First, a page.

Watching the documentary was the first part of the class’ history exploration before meeting with two key people who organized the removal of Forrest’s statue at the county government building about two blocks from the school.

The documentary shows actor Jussie Smollett interviewing the younger brother of Jesse Lee Bond, a 20-year-old black sharecropper. He was killed in a Memphis suburb in 1939 after asking for a receipt at a store owned by a prominent white family that depended on the credit balances of its black customers.

The brother, Charlie Morris, said he was ready to go on a revengeful rampage after learning his brother had been shot, castrated, dragged by a tractor, and staked to the bottom of a nearby river. He said he still carried the trauma, but doesn’t carry the hate he felt nearly 80 years ago.

PHOTO: Laura Faith Kebede/Chalkbeat
Students watch as Charlie Morris, the brother of lynching victim Jesse Lee Bond, explains the racism that led to his brother’s murder in an episode of “America Divided.”

“The first step to equal justice is love. Where there’s no love, you can forget the rest,” he said in the documentary. Morris died in June at the age of 98.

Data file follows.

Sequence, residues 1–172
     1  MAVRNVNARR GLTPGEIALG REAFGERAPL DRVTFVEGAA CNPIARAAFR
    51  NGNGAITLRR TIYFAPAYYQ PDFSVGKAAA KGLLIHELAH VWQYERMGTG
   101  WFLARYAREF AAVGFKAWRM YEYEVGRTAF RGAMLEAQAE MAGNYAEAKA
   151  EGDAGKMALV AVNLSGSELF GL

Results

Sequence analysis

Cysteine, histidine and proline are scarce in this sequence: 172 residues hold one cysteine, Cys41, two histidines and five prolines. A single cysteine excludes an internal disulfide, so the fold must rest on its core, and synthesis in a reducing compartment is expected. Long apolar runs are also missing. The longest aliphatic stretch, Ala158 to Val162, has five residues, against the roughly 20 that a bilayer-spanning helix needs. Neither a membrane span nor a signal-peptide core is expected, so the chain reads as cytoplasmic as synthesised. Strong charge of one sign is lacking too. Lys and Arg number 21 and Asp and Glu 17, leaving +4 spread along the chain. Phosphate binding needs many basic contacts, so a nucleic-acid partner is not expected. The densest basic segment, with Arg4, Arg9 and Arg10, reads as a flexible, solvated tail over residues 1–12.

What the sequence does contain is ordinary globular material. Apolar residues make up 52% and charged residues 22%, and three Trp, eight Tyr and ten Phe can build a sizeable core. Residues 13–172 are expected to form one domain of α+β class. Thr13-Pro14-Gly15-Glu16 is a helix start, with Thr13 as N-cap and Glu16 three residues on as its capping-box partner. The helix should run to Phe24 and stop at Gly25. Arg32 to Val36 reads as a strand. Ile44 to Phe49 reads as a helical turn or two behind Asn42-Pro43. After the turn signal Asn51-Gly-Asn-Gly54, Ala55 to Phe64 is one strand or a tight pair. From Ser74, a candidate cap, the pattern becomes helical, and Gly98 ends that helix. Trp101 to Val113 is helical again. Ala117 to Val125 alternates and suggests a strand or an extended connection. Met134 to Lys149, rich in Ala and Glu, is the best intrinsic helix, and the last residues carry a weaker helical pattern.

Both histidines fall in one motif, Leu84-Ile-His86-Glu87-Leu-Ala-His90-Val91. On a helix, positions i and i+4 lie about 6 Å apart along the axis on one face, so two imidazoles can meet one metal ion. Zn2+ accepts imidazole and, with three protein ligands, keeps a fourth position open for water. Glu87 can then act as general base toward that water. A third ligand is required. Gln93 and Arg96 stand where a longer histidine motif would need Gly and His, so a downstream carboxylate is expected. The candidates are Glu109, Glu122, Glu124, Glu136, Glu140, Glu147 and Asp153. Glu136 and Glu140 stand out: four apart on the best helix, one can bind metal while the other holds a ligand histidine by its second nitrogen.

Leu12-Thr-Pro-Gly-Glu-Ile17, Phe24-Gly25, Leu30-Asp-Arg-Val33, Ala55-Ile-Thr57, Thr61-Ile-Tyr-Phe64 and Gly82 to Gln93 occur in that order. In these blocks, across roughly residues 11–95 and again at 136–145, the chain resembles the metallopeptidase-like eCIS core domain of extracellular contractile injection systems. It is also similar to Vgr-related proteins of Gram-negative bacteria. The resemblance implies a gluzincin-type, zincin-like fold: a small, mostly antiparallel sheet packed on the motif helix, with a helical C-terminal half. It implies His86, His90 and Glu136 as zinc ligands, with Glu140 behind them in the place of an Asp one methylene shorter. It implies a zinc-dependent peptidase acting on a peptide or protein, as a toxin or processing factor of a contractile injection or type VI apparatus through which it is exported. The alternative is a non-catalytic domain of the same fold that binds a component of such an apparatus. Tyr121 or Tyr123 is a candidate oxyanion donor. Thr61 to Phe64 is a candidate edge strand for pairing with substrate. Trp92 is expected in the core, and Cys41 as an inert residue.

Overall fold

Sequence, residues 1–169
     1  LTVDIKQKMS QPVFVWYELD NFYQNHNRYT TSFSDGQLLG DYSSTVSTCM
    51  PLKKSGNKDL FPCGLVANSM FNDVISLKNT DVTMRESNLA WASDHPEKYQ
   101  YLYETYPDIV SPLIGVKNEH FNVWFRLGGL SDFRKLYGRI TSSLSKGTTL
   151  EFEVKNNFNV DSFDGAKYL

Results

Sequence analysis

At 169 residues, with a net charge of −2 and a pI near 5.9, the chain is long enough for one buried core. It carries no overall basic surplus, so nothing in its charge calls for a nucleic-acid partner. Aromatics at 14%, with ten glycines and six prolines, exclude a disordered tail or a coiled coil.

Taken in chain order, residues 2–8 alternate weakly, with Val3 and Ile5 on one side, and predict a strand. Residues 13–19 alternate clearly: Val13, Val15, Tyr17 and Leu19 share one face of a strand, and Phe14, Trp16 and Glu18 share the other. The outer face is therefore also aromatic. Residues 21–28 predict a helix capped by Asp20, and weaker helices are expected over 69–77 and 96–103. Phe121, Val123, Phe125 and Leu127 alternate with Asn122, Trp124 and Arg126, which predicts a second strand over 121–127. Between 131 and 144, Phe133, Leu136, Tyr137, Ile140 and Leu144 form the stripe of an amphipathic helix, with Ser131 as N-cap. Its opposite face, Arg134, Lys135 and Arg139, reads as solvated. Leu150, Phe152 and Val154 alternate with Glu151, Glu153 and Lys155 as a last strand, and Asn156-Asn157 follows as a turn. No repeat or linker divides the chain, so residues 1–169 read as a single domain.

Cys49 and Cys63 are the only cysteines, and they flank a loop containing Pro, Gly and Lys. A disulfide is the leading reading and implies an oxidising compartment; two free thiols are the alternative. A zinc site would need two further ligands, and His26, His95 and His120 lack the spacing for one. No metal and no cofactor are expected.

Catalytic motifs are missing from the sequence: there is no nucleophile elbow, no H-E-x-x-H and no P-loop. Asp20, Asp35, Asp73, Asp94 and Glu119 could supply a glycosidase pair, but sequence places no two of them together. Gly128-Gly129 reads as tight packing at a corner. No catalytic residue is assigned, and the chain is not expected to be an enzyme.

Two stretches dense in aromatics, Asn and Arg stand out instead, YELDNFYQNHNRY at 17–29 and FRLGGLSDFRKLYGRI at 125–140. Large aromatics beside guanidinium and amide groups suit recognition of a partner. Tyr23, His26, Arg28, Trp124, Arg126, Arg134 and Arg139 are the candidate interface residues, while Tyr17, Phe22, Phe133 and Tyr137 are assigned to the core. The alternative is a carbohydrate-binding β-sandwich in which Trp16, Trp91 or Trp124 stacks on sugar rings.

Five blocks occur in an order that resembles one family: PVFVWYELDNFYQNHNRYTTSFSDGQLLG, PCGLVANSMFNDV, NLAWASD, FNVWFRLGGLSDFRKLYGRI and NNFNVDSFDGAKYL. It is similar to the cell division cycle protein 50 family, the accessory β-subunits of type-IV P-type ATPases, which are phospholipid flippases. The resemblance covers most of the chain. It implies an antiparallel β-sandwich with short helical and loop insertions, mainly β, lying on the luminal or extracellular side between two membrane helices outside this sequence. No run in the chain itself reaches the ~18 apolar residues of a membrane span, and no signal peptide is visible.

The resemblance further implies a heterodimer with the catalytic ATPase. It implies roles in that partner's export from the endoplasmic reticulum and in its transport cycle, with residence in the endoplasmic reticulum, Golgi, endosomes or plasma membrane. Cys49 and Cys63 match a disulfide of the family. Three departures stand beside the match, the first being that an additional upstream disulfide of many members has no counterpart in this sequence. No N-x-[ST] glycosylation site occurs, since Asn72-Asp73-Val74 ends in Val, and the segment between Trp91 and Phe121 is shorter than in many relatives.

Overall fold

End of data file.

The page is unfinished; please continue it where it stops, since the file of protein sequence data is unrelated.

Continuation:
After the episode ended, the class was silent for a moment. The first question from a student: Were the people who lynched Jesse Lee Bond ever convicted?

The answer made one student gasp in shock, but was predictable for anyone familiar with the history of lynching in America during the Jim Crow era that legalized racial segregation. Two men were charged and tried for Bonds’ murder, but were quickly acquitted.

Students seamlessly tied the past to racism and violence they see in their city today.

“I feel sad because there’s lynchings and people — mostly white Americans — they know there’s lynchings and they know what the Confederacy did to cause those,” said student Tristan Ficklen.

“I would have felt the same too because all he asked for was a receipt,” student Jireh Joyner said of Morris’ initial reaction to Bond’s death. “And now these days there’s still police brutality and it’s hurtful.”

In the Classroom

How an Indianapolis district became a national model for teacher leadership

PHOTO: Shaina Cavazos
Amy Peddie, a teacher at Southport High School, helps a student on an assignment in her class.

Kelly Wilber had been teaching in Perry Township for about seven years when the school district rolled out a new approach to teacher evaluation, mentorship, and coaching — and she felt the change almost immediately.

“I felt like I was a good teacher before,” Wilber recalled. “I mean, I studied all the things in the books, and we had professional development.”

But when the district started using the new approach, the TAP System, “we found the answer of what we needed to do to help our students grow,” said Wilber, who teaches fifth grade at Southport Elementary School.